Suzette ColsonHERWorld Connect:  Sometimes, though, you just need a little help from your friends. At HERWorld Connect in September, that’s what we got. We brought together some amazing women in energy to share stories of resilience — inspirational words when we needed them most. One of our favorites comes from BP’s Suzette Colson: “Through my experiences, I’ve learned life can be very short. You never know what’s going to happen, so there’s a lot of people that plan for the future. I do plan for the future, but not at the expense of the present. We tend to not live in the present, and that’s what I’ve been trying to do.”  


Resilience on the road: In the fall, I got to take the message of resilience on the road, with speaking engagements at Shell in The Hague and in at the Women in Energy conference in Bakersfield, California. I got to tell the sea of women and men in the audience that, when we embrace adversity, we can emerge stronger and more resilient. Resilience is a key skill to the game of work and life.


Pink Petro grows: This has been a big year for Pink Petro. We’ve grown 300 percent, despite all the challenges this year has thrown our way, and we’ve grown our team exponentially. Michelle Peavy joined Pink Petro as our Director of ‘Cool’ Careers — running our Experience Energy careers site and offering end-to-end recruiting services to companies looking for diverse talent. Veronica Frantz is now our Director of Membership — basically the engine keeping Pink Petro running, day in and day out. And Mary Johnson is Pink Petro’s new director of content — the one helping us tell the stories of our amazing members, their companies and industry. The hires were strategic, as push toward our overarching mission to bust the gender gap and create a new, inclusive future for energy.  


#MeToo: Just, wow. This grassroots movement has taken down some of the biggest names in business and is empowering women across the U.S. and beyond. It’s showing the world the value of an inclusive, transparent culture, and we love it. “We have to build a culture in business and in life that supports speaking up — not just as it relates to harassment and assault but about anything unsafe, unethical or unacceptable,” I wrote in a post on LinkedIn. “Yes, it’s the right thing to do, but also, the survival of our businesses depends on it."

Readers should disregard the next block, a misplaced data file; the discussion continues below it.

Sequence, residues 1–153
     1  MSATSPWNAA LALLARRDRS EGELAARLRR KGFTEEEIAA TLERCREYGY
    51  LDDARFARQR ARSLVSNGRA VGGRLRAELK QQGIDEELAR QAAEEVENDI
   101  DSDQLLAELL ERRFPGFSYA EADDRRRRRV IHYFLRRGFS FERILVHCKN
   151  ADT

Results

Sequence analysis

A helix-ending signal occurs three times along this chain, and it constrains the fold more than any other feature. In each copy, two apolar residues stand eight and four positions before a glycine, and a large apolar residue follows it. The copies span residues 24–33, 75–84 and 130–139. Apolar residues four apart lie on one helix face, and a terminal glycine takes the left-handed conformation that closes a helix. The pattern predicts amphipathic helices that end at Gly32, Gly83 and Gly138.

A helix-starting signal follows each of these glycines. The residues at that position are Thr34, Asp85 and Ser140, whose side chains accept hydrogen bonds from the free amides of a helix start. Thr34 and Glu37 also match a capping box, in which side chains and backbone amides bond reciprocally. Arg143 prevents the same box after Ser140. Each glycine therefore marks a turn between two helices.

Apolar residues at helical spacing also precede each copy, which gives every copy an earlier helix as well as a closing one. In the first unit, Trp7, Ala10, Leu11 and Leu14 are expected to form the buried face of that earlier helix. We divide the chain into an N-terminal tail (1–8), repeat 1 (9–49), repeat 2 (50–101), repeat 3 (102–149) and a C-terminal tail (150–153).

Jen WelterHERWorld18 speakers announced: Preparation for HERWorld18 is in full swing, and we’ve already booked two amazing keynotes: Dr. Jen Welter, the first female coach in the NFL, and Melody Meyer, a member of the board of BP and AbbVie. Our theme is equally epic: We’re going to be talking about The New Energy Playbook — GRIT, which stands for Growth, Resilience, Innovation and Transition. Get excited, and get registered!


HERWorld Celebrate: At the end of a year like this, you’ve got to gather your friends, raise a glass and toast — that you made it through, that you’re beyond blessed and that the future is beyond exciting. That’s what we did on Dec. 7 at our new headquarters, TechSpace Houston. This community came together, shared some professional development insight, got a little silly and shared our collective wins — and as you can tell from this post, there were A LOT.


So it turns out 2017 wasn’t such a bad year — and that’s because of you. You energize us and motivate us and inspire us every day. Thank you for that. We hope to repay the favor in 2018.

HERWorld Celebrate2017 was tough — no doubt about it. But it's also been amazing in so many ways. And at Pink Petro, we felt like this community needed a celebration. A toast to the end of one rollercoaster year. 


So that's what we did last week at HERWorld Celebrate. This community came together, shared some professional development insight, got a little silly and shared our collective wins: At long last, energy is hiring again. We launched our careers site, Experience Energy, waiting for just such a rebound, and now it's here. Despite a hurricane that wreaked havoc on the energy sector, our founder and many of our members, Pink Petro grew 300 percent in 2017. And we've got a killer year ahead of us, with our first-ever Jumpstart Series focused on the art of presence, connecting and "the ask," and our annual HERWorld Energy Forum.   


Check out the video below to see highlights from HERWorld Celebrate. And check out our 2018 calendar of events so you won't miss a thing come the new year! 


Fireworks2018 is almost here, and we can't wait for you to see everything we have in store for this community!


Read below for a few of the highlights, and click here to start exploring our calendar in full. (You can also download a full 2018 calendar here.) 


We are kicking off the year with our first-ever Jumpstart Series. It starts with The Art of the Ask in January, followed by The Art of Presence and The Art of Connecting in February. Learn how to ask for what you want (and get it) and how to maximize your impact and your career potential.  


Then in March, it's our biggest event of the year: HERWorld Energy Forum, which takes places on March 8, 2018, International Women's Day. We're hosting a pre-conference workshop plus the main event. Our theme is The New Energy Playbook — GRIT, and we've already got some amazing speakers lined up, including Dr. Jen Welter, the first female coach in the NFL, and Melody Meyer, a board member at BP. Learn more here!